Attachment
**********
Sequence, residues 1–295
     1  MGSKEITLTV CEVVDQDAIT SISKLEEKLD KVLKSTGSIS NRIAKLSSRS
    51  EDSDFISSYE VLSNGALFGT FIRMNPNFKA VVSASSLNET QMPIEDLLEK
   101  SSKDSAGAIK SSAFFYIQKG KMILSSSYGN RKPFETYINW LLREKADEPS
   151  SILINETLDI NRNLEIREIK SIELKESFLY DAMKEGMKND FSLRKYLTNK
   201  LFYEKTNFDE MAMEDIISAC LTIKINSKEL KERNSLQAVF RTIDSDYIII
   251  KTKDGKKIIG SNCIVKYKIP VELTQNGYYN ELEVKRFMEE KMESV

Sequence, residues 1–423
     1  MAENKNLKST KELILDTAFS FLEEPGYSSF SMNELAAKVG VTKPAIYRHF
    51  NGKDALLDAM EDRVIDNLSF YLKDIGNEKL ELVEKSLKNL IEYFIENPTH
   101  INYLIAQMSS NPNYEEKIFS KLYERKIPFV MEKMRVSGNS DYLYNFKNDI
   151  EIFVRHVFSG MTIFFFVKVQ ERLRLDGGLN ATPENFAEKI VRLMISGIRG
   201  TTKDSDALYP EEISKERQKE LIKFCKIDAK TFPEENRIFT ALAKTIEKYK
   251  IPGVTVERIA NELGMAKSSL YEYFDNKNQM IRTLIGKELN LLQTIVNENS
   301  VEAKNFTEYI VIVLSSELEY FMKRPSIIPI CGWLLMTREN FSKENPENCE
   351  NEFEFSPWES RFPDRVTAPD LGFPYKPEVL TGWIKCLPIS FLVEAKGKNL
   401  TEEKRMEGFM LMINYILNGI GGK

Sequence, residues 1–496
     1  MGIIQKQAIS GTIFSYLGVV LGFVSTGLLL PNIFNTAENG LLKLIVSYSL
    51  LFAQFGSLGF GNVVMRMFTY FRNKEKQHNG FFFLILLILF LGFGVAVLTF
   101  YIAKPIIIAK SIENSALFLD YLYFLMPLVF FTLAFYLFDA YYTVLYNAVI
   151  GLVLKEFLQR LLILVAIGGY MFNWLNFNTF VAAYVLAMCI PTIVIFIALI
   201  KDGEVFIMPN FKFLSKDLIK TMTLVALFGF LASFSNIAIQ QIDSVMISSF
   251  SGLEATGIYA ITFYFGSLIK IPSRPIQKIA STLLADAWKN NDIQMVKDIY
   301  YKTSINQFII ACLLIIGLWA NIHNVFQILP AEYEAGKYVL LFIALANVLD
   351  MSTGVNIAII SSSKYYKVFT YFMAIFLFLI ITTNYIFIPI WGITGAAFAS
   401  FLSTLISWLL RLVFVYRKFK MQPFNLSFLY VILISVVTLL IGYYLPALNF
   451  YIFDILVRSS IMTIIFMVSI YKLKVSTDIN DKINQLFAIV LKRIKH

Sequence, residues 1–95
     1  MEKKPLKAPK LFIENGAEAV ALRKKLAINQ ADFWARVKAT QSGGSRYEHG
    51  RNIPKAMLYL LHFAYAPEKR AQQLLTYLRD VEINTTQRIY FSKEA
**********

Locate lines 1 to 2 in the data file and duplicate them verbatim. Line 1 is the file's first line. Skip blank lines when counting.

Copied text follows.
Sequence, residues 1–295
     1  MGSKEITLTV CEVVDQDAIT SISKLEEKLD KVLKSTGSIS NRIAKLSSRS